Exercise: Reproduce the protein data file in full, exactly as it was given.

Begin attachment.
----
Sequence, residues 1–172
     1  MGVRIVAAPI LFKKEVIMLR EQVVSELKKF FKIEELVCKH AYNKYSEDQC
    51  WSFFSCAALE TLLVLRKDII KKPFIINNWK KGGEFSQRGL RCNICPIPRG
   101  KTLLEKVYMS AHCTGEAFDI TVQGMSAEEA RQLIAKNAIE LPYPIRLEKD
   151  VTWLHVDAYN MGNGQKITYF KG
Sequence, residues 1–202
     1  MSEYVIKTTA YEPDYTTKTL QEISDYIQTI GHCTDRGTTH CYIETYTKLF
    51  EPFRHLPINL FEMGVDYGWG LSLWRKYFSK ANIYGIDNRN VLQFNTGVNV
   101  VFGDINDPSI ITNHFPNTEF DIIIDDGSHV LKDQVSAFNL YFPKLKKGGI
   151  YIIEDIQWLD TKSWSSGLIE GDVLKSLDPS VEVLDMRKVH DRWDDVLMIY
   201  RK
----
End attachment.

Sequence, residues 1–172
     1  MGVRIVAAPI LFKKEVIMLR EQVVSELKKF FKIEELVCKH AYNKYSEDQC
    51  WSFFSCAALE TLLVLRKDII KKPFIINNWK KGGEFSQRGL RCNICPIPRG
   101  KTLLEKVYMS AHCTGEAFDI TVQGMSAEEA RQLIAKNAIE LPYPIRLEKD
   151  VTWLHVDAYN MGNGQKITYF KG
Sequence, residues 1–202
     1  MSEYVIKTTA YEPDYTTKTL QEISDYIQTI GHCTDRGTTH CYIETYTKLF
    51  EPFRHLPINL FEMGVDYGWG LSLWRKYFSK ANIYGIDNRN VLQFNTGVNV
   101  VFGDINDPSI ITNHFPNTEF DIIIDDGSHV LKDQVSAFNL YFPKLKKGGI
   151  YIIEDIQWLD TKSWSSGLIE GDVLKSLDPS VEVLDMRKVH DRWDDVLMIY
   201  RK